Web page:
Life Day 25040: Feel Free

February 1, 2016 at 12:01 am | Posted in Today's Reasons To Celebrate | Leave a comment

Good morning freedom lovers. Today is February 1st. Today’s first holiday is National Freedom Day. On this date in 1865, a joint resolution was signed that proposed the 13th amendment to the nation’s constitution. Abraham Lincoln, who was the president at the time, signed the resolution to outlaw slavery. The Amendment was ratified and made into law on December 18th, 1965. The first commemoration of this day took place on February 1, 1942, although it was not made into law yet. A tradition of laying a wreath at Liberty Bell also began. On June 30, 1948, President Harry Truman signed a bill to proclaim February 1 as the first official National Freedom Day in the United States.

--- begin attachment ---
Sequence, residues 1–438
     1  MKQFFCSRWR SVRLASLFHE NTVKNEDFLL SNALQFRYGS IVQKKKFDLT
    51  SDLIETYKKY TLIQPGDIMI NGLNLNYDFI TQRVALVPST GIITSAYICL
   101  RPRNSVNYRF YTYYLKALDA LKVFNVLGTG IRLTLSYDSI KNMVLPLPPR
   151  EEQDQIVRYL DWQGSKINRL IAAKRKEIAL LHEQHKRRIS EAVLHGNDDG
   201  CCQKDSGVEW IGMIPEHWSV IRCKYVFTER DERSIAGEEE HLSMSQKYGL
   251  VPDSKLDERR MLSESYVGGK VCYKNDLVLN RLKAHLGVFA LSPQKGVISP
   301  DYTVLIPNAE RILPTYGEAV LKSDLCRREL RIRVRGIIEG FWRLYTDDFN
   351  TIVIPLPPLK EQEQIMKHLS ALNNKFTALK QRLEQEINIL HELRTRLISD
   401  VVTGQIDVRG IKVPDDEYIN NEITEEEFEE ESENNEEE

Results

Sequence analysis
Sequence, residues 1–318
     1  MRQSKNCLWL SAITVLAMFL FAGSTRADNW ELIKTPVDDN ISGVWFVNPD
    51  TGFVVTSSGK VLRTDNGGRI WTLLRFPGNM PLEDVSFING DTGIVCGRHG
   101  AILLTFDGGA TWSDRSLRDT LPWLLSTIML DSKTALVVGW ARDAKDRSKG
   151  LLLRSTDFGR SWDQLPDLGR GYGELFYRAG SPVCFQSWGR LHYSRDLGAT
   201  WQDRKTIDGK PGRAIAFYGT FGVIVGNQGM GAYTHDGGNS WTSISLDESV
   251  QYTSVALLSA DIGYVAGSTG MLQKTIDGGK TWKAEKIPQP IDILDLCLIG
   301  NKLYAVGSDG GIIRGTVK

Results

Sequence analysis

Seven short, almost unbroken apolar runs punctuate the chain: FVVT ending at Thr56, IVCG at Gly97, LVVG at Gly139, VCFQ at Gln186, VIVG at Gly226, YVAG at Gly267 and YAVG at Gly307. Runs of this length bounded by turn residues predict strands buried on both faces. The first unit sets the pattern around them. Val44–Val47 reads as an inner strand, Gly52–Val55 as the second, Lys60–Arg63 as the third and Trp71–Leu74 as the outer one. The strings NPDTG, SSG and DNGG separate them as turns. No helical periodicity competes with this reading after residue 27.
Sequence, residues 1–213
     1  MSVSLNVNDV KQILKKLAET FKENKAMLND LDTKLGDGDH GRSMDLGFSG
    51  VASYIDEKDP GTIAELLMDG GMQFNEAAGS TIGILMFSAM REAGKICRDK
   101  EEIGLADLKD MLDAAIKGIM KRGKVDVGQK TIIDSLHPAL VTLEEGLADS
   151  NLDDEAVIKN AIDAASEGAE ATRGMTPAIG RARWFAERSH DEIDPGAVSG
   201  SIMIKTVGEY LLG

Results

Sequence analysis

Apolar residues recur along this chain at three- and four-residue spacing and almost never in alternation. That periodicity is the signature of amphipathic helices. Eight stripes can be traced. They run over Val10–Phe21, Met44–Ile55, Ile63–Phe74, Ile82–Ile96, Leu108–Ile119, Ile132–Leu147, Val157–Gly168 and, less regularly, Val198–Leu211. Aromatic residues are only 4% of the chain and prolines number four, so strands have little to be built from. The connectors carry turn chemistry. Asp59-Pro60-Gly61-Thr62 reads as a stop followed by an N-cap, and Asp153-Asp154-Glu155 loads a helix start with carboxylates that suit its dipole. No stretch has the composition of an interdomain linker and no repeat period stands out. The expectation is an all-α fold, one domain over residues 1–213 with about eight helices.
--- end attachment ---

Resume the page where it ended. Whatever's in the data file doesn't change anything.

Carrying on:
The next “holiday” today is National Serpent Day. Throughout hissstory, ssserpents have been reviled and feared…but just as often revered and even worshiped. Serpents are famous throughout mythology. From the story of Adam and Eve in the bible to the serpent wrapped around the Rod of Asclepius  on the Star of Life, representing the worldwide symbol of medical aid, serpents have represented both evil and good. All great civilizations, including the Aztecs and Hindus, have attached significance to serpents in one form or another.
The word ‘serpent’ comes from the Latin ‘serpens’, meaning “something that creeps or crawls.” The words serpent and snake are synonymous, but the word serpent is more often used in written rather than spoken language and normally is used in the context of mythology or history. National Serpent Day is a day to celebrate our ssslithery friends. To celebrate, “Asp”pire to learn more about serpents today.